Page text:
Disclaimer: This blog follows my Magen David Board that is already finished and posted here
Once everything was glued up into a single slab, it was time to plane it flat and parallel. one of the strips I jointed happen (don’t ask me how…lol) to be jointed off square, throwing the last 4-5 strips in the glueup off flat (mostly flat). I was tired at this point, and just figured I’m not going to rejoint it, but will pay the price and plane it all down at the cost of having a thinner board – it didn’t seem like it was going to take off too much material, but more than what I had hoped for.
I took the board to the garage, and went at it with hand planes. Unlike planing cross grain, planing end grain is a serious task, the bites are hard, the setting needs to be such that the plane will take ultra thin shavings in order for it to be able to handle the shearing force, and the lumber is not very friendly to the blades – I think now that I’m done I’ll have to resharpen all plane blades just because of this one job.
I was able to decently plane most of the board down flat , but those last 4-5 strips were too low that I wanted to keep at it with this method.
The next day, I reconfigured my old drill press table that served me as a glueup guide, and was not setup as a planing base along with 2 jointed flat support boards that are slightly taller than my cutting board.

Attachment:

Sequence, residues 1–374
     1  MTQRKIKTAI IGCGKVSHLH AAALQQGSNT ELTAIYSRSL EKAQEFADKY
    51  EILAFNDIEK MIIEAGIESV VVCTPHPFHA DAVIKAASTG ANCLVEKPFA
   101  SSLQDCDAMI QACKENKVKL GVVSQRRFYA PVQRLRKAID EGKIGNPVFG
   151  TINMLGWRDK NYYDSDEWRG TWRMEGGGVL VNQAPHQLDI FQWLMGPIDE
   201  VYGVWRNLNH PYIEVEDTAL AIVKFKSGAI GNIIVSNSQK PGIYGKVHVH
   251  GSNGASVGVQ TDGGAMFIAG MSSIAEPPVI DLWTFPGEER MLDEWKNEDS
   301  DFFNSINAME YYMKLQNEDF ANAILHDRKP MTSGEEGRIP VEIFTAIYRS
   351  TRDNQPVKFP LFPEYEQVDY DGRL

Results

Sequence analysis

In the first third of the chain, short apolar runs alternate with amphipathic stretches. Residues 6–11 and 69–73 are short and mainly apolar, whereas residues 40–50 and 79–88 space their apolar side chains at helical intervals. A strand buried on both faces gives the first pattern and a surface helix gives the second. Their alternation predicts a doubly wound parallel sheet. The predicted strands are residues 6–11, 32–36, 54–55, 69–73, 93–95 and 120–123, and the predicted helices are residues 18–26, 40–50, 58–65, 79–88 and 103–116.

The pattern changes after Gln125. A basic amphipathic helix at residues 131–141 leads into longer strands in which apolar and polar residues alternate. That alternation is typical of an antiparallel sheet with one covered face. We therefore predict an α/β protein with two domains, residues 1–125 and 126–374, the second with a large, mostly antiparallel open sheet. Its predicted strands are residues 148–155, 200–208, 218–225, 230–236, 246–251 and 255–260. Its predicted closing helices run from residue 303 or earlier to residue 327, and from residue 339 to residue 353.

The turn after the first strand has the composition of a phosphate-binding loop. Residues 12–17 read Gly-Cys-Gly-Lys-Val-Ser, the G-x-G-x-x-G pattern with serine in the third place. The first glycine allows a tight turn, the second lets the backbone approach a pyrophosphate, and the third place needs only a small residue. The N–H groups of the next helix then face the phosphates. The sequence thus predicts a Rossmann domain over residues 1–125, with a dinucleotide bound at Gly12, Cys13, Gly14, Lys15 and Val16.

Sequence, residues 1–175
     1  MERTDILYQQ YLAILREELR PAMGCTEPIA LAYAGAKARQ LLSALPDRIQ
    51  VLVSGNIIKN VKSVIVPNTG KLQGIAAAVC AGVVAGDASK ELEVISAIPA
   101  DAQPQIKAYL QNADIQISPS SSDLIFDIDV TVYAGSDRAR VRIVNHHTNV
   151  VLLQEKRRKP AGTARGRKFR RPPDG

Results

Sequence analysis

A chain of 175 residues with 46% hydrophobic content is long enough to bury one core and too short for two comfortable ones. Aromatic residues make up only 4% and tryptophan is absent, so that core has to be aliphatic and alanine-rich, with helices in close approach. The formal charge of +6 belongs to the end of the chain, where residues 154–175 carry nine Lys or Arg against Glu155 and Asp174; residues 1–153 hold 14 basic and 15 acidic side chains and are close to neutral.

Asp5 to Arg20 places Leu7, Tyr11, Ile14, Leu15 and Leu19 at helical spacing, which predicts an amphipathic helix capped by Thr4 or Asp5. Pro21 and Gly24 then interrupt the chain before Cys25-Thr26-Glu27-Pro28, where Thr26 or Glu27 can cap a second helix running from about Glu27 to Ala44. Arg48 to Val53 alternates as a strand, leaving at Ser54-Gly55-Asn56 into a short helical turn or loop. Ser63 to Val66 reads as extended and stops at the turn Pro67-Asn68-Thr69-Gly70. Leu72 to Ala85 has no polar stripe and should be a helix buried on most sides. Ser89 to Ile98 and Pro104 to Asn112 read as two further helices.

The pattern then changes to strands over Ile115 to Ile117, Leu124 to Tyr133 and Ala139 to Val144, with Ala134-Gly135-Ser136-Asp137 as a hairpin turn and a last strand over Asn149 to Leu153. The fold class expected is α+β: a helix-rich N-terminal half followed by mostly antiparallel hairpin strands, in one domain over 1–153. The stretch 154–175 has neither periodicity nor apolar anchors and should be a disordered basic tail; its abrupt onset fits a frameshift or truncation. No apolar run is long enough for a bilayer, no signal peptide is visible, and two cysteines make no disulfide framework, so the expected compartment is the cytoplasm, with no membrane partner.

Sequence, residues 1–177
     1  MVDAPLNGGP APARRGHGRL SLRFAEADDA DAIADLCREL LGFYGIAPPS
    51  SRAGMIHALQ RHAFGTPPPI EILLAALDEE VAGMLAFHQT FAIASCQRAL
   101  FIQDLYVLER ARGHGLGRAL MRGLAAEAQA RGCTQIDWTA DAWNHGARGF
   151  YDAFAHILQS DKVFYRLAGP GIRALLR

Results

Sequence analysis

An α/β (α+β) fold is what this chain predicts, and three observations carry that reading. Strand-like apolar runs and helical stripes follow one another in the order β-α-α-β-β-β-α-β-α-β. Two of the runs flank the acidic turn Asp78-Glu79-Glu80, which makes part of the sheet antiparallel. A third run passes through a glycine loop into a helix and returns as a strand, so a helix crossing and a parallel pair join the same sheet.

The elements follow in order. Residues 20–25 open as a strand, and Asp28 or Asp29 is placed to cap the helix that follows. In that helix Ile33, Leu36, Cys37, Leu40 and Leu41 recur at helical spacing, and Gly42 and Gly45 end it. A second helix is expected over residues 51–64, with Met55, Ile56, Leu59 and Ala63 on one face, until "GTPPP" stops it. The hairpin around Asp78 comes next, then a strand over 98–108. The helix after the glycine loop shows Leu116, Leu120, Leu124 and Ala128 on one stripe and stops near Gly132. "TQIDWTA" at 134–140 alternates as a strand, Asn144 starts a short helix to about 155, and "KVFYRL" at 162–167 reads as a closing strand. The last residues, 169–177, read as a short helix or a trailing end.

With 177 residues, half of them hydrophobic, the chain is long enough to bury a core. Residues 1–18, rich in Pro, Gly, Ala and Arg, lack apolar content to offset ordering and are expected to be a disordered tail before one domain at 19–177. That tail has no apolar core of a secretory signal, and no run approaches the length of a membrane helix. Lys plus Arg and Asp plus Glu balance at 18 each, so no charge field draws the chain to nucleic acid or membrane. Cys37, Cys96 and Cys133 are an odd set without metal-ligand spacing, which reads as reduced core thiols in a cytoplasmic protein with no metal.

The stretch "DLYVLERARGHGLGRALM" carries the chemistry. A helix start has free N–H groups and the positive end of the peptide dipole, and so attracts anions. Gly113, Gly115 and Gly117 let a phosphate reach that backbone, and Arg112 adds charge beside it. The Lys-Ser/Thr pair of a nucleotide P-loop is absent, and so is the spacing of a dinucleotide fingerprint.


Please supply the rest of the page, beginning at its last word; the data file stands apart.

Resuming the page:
I shimmed the cutting board between the 2 ‘rails’ so that it won’t be moving about, and using my old workbench-planing-sled and a 1-1/4” mortising bit, I went at it taking ~1/32 passes until I was able to level out the board on one side, flipped it (and put a 1/8” masonite sheet under to lift it up a tad bit) and did the same thing to the other side to get a flat and parallel board – rough looking:
After that, I went back to hand planing it flush and smooth. still not an easy task, but at least the bulk of it was done. remember – bevel the edges slightly so that you don’t chip it as your planing through it.
Now that I had a flat board to work with, I trimmed it on the TS tot make it square on all the edges so that I can edge treat it with the router table.I then (finally since setting it halfway up) was able to utilize my router table and the LS positioner to get:
- A nice consistent bevel around the edges (top and bottom)
- fingers handles on both sides – this was real nice since I setup stops on left and right of the fence, and was basically following along, while taking 1/8” passes to get the total of ~2.5” deep pockets in a matter of seconds – no guessing, no remeasuring – once the stops were set, they kept their location throughout the entire process. I’m really liking this fence.
- V shaped juice grooves. again – setting up the stops on both ends, and sneaking up on the final stops was easy with the precision of the Incra positioning method.
what I eventually got. was this:
A bit thinner than I had planned for, the geometry is a bit off from the original lines I had designed for it, but I think it came out great! I’m really liking this one, and the thickness actually looks more elegant than the original thicker design.
With a bit of mineral oil. this project was done and done, and can be seen here:
After applying the oil, the board twisted corner to corner. at first I freaked out, but then it hit me that this might be the effect of the oil and once it is fully absorbed evently, the board will naturally balance itself out – which it has, and is back to flat.
So, the project is done, Lessons learnt, Experience gained, and I’m pretty happy with it all. All in all, even though there was a lot of fixing and dealing with the improperly milled lumber – it was a fun project to work on, and I already have a couple more in mind.
Thanks for reading,
-- ㊍ When in doubt - There is no doubt - Go the safer route.